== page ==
Experts warn we could be closer than we realize to losing polar bears as rising temperatures and melting sea ice drive them onto land where food sources for these voracious predators are scarce. Starvation in adults has a catastrophic impact on the survival rates of future generations of bears, as mothers are scarcely able to stay alive or produce sufficient fatty milk for their cubs. New research published in Nature Climate Change predicts that without intervention populations could disappear completely by 2100 and so scientists are making a push for greater efforts to rapidly curb carbon emissions or else this species will be lost to the history books.
A polar bear’s favorite meal is seals, whose insulating blubber serves as a much-needed source of fat to keep the bears themselves well-fed and better able to cope with the icy conditions of the Arctic. However, in order to hunt for seals, polar bears need ice to keep themselves hidden while they close in on a seal.
In recent years, Arctic sea ice has been melting at an unprecedented rate due to warming temperatures as a result of climate change. The knock-on effect for polar bears is that they’re forced back onto the land where there’s not much for a bear to eat. The longer they go without food, the lower their fat supplies fall until they cross a threshold where adults can barely support themselves, let alone any cubs. This threshold has already been crossed in several subpopulations where cub numbers have fallen dramatically as a result.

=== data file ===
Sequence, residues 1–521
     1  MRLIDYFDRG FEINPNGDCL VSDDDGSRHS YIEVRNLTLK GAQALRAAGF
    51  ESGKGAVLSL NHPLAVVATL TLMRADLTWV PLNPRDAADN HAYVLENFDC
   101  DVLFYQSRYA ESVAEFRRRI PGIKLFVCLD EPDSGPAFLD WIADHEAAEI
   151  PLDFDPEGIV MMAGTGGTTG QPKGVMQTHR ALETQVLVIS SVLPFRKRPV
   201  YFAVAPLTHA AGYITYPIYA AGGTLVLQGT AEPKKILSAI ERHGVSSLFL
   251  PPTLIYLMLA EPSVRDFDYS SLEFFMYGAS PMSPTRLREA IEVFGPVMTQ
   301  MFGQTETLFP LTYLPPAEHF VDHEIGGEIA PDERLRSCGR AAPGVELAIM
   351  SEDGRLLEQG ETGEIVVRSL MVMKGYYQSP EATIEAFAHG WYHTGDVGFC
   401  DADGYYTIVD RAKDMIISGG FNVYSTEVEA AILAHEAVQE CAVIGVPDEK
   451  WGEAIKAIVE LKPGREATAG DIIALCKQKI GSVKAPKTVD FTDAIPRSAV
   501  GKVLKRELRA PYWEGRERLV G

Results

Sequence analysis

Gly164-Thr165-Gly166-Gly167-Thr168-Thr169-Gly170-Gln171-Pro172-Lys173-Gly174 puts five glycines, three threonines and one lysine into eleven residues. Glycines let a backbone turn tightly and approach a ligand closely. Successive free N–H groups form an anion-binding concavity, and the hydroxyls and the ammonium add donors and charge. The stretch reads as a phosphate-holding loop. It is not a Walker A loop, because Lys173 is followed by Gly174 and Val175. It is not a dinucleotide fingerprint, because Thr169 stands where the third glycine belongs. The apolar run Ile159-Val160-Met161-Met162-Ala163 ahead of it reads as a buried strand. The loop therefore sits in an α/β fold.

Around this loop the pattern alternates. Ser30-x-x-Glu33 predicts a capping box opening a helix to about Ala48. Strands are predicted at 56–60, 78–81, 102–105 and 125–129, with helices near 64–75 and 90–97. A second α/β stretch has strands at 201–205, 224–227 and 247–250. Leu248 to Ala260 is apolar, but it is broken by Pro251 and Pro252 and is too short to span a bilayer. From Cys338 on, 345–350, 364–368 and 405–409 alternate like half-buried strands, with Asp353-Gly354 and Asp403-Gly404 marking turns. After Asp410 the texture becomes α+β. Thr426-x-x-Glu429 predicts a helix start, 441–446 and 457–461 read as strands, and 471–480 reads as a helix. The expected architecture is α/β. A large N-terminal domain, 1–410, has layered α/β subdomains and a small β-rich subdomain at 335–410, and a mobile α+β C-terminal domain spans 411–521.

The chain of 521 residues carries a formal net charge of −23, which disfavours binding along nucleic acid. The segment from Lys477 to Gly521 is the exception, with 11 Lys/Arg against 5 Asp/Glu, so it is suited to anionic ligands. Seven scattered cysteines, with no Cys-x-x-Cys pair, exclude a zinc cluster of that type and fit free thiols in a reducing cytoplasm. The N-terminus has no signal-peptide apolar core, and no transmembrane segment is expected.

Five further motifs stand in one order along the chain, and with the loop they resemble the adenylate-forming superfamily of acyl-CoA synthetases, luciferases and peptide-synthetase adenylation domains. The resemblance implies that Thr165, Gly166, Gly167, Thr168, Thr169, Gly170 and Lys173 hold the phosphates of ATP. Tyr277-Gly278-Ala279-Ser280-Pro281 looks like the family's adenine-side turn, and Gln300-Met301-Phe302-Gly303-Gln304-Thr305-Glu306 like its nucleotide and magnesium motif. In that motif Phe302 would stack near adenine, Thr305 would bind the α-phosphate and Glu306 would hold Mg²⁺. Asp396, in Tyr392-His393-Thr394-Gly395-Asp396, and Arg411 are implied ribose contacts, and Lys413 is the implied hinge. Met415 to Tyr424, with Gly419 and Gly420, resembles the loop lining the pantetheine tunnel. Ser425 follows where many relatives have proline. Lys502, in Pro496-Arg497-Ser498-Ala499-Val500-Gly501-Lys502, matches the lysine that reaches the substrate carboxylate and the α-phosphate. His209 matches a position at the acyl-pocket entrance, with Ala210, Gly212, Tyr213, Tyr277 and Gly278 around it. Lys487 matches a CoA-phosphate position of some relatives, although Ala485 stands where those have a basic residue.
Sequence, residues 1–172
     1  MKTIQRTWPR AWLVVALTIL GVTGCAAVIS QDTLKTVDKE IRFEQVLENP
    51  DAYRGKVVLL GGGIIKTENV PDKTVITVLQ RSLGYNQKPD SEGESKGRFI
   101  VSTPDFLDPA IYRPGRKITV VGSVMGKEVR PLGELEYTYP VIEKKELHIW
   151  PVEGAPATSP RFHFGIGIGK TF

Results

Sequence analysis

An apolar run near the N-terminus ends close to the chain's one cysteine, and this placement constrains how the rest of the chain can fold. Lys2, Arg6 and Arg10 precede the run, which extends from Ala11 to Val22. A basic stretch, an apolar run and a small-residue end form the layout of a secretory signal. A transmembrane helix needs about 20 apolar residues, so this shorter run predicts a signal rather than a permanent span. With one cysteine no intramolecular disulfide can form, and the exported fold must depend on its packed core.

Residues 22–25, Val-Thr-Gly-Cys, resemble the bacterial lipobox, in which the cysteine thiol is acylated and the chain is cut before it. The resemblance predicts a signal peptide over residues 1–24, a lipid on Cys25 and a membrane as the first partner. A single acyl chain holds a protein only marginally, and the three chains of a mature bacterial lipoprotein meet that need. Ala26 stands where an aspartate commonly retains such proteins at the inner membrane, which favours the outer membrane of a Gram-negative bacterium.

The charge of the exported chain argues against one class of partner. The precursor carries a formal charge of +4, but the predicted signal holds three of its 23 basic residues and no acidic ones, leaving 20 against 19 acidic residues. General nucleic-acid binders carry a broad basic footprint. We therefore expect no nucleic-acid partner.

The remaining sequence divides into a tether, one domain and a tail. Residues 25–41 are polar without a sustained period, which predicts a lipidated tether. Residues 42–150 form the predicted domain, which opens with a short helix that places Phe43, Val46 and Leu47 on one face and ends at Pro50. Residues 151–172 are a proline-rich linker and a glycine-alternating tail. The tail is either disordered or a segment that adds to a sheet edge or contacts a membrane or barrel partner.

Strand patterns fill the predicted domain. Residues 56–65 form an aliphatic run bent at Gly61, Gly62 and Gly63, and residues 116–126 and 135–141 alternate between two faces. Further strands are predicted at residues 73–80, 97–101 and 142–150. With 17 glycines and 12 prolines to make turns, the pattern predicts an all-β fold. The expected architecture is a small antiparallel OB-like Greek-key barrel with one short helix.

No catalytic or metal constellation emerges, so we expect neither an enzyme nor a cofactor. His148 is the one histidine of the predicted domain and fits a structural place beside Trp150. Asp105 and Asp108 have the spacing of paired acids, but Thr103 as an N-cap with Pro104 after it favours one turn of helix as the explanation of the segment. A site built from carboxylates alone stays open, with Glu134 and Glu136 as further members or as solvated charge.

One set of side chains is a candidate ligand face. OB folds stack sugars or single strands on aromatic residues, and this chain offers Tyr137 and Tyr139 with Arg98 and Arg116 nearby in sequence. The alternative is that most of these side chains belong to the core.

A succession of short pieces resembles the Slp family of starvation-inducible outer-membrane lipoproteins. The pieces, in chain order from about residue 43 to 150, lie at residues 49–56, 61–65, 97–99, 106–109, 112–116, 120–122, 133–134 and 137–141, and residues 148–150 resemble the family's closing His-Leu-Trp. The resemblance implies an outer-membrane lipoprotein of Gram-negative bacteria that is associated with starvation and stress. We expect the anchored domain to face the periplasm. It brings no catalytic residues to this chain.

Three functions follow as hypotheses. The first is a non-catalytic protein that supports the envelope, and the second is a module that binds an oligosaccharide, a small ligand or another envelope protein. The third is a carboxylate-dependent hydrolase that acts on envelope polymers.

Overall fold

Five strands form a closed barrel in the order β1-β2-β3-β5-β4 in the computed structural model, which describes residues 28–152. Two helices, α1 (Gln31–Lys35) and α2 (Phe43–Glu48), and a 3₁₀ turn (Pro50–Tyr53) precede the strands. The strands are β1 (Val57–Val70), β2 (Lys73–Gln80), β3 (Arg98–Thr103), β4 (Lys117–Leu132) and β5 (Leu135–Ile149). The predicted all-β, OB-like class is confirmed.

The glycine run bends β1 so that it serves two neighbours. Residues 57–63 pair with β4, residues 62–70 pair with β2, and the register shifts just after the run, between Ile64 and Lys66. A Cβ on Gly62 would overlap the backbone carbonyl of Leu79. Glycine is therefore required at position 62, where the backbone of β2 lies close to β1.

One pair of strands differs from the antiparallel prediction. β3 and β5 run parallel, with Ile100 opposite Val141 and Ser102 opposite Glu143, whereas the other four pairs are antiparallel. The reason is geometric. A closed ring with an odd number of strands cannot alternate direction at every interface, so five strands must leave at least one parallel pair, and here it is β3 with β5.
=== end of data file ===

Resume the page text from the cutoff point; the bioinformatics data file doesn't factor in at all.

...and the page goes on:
To arrive at their estimates, lead researcher Péter Molnár and colleagues used dynamic energy budget models to establish the energy needs of fasting polar bears and at what stage starvation would likely lead to the death of their cubs and eventually the bears themselves. This information was combined with an Earth Systems Model that uses previous data to predict the number of future ice-free days in this region. The findings showed that thresholds would be surpassed for 13 subpopulations of polar bears, representing 80 percent of their entire population. The researchers estimate that this could lead to the end of the species by the turn of the century.
It’s not all bad news however, as when the model was run again in a moderate emissions scenario (RCP4.5), more subpopulations were able to survive, showing hope for the species beyond 2100. While shocking, the researchers note that the models are limited in their capacity to make predictions as adequate energy budget data wasn’t available for several subpopulations of polar bears. But the results emphasize the desperate need for urgent action on climate change in order to halt sea ice melting before it drives these creatures beyond a threshold from which they can’t return.